How do we retain that Asian traffic? After 10 years as a pilot program at YVR, the existing Transit Without Visa program will become permanent. A trial TWOV program for Chinese nationals will begin. This means that a resident of a TWOV country will only need one visa when travelling to the U.S. through YVR. This puts us on a level playing field with Pacific gateway airports like Los Angeles and San Francisco. We’re hoping this adjustment will encourage the airlines to add incremental service to cities in China not served today. Take southern China. We’re hoping that we could put on a Vancouver-Guangxi service, not only serving the Vancouver market but being able to go through Vancouver into Chicago, Boston, Houston, New York…

Is there a ceiling to this new growth? In these difficult economic times, we need to position ourselves to take advantage of opportunities, for when the market returns, which it surely will. That’s why we need to use this time to get all our trading agreements as liberal as possible: when people and airplanes do start to move around again more than they are today, we need to be positioned to compete and take advantage of opportunities. We get to build infrastructure now for 20 years in the future here. And we’re in good shape: we have the gate capacity and we could handle more traffic. We just need the air policy to be aligned in harmony with us. Our current capacity today would take us up toward 25 million passengers. That would make us a big airport.

How much time do you spend lobbying the feds on matters like international treaties? I thought my job would be more to do with construction and operations, but creating the type of playing field where we can really go out and compete for business has proved to be a bigger part of this job than I envisioned—possibly the biggest.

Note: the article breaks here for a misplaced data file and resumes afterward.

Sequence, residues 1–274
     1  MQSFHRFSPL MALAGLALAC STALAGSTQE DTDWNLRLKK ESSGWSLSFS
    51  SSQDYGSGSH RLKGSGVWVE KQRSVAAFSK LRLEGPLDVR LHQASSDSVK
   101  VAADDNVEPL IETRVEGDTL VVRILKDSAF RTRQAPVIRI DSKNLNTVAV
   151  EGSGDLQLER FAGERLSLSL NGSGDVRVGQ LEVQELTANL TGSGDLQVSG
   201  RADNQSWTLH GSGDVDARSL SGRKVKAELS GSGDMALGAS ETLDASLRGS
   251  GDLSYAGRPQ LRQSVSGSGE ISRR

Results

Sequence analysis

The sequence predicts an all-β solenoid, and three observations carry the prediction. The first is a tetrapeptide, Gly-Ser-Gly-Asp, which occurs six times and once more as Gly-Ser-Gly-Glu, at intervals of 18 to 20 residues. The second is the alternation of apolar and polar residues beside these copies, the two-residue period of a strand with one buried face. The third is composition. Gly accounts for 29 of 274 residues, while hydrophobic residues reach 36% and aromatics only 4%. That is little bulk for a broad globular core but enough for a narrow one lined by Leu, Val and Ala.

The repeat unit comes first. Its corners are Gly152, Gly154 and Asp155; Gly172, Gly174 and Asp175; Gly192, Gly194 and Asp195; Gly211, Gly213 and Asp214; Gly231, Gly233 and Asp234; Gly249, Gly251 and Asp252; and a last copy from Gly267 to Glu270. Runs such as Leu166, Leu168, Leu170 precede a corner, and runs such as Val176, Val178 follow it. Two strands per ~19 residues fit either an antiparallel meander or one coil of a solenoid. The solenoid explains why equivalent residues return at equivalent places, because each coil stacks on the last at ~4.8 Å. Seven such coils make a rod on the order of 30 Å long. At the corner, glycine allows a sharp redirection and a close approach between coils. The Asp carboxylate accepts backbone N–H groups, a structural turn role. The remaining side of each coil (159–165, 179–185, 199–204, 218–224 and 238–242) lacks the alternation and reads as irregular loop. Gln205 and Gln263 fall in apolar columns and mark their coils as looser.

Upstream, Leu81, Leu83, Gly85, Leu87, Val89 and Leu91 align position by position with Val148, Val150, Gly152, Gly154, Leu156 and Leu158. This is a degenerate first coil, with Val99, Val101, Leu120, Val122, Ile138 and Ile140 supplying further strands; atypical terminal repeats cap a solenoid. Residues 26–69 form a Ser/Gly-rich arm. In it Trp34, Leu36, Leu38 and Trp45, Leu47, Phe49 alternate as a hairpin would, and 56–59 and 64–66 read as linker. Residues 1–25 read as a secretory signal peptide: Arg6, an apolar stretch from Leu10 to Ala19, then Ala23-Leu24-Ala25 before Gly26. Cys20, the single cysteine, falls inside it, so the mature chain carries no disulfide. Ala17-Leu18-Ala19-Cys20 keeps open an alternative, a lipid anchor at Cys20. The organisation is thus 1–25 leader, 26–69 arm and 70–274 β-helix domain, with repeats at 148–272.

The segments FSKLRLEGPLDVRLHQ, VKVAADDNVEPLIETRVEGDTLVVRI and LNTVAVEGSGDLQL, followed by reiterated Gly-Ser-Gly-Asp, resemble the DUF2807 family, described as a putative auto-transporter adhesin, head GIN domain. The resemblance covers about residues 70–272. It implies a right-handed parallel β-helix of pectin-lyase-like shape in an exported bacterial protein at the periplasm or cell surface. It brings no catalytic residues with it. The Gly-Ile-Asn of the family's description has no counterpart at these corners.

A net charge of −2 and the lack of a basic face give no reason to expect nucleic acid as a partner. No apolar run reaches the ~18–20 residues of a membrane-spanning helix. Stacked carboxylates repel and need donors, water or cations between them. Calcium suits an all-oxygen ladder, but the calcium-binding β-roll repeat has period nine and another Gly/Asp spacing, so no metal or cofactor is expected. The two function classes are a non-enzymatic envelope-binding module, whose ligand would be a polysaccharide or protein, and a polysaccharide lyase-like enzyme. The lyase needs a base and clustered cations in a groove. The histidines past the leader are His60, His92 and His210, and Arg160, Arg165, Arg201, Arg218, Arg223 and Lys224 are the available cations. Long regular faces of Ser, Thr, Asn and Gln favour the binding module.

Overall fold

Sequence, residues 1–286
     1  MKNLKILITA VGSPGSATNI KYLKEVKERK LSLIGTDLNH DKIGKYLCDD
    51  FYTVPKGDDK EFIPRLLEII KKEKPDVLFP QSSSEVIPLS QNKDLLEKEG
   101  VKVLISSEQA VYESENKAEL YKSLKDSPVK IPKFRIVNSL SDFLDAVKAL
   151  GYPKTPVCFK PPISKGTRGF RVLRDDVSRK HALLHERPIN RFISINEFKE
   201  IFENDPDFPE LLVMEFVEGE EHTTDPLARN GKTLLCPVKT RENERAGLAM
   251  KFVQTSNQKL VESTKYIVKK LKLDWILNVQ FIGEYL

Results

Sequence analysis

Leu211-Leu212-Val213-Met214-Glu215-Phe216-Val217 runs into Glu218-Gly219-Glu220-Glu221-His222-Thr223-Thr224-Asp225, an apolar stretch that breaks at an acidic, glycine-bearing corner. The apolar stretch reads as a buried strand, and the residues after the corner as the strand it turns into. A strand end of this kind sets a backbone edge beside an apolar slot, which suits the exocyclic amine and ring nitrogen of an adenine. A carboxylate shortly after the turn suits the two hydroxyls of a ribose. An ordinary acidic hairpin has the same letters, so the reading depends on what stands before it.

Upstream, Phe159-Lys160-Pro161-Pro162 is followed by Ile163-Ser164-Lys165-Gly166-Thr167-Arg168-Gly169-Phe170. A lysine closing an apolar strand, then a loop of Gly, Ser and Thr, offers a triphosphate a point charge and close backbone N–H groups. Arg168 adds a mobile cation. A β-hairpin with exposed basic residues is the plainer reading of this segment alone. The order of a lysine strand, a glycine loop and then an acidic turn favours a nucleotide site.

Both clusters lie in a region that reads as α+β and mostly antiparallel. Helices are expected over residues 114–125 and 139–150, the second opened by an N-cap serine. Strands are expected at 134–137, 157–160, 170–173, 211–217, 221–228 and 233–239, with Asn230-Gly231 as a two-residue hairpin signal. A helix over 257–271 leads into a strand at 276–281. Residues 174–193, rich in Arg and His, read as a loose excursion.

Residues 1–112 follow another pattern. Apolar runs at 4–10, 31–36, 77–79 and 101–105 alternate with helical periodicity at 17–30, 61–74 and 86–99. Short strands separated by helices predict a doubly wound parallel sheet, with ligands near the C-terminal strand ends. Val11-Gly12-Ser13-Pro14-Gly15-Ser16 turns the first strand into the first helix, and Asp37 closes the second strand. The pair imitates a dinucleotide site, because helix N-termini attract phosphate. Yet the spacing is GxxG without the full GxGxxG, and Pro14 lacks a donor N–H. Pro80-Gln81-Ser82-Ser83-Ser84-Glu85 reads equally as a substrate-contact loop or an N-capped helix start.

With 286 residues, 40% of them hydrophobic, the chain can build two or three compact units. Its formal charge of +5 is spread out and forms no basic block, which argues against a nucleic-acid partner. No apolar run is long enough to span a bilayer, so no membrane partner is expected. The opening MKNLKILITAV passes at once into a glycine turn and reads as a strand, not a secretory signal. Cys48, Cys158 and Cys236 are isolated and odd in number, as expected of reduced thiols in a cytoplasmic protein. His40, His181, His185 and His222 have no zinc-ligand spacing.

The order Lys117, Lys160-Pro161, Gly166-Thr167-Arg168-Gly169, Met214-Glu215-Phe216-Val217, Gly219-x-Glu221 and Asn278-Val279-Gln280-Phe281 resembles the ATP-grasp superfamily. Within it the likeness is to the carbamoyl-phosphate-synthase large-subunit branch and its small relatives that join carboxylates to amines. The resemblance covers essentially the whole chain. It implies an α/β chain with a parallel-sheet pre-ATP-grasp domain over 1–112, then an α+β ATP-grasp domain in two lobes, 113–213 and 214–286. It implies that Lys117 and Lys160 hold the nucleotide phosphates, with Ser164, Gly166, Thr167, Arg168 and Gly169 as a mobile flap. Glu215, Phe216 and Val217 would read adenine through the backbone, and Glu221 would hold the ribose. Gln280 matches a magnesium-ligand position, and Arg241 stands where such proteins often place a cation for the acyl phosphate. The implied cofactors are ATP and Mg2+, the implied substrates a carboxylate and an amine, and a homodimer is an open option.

Your airport authority runs facilities around the world. Chicago’s Midway Airport and London’s Gatwick are bids you’re still in discussions over. How is the existing portfolio? We’re involved in about 17 other airports through YVR Airport Services Ltd. Smaller ones in Canada: Kamloops, Cranbrook, Fort St. John, Hamilton, and Moncton, New Brunswick. In the Caribbean, we’re in Jamaica, Montego Bay, Nassau, Turks and Caicos. Six airports in the Dominican Republic. Santiago, Chile. And we’re involved in two airports in Cypress. We manage those airports. Our role is first, to ensure they are safe and secure, then we want to build traffic in them to assist in the economic development of those countries. We’ve won all those operating concessions through competitive bids; we’re good at it, and we’re attractive as an operator. People come to us and look at the Vancouver airport and they say, “We wish our country or our city had one of these.” They like the way we’ve done a number of things here. We’re seen as a highly efficient operator with low costs, high productivity for the airlines, and efficient and attractive facilities for passengers. Passengers like us because it’s not just another airport. There’s a sense of place: you’re not just in Cincinnati, you’re in Vancouver and it feels like Vancouver. The artwork, the waterfall—those sorts of things have a little bit of a wow factor.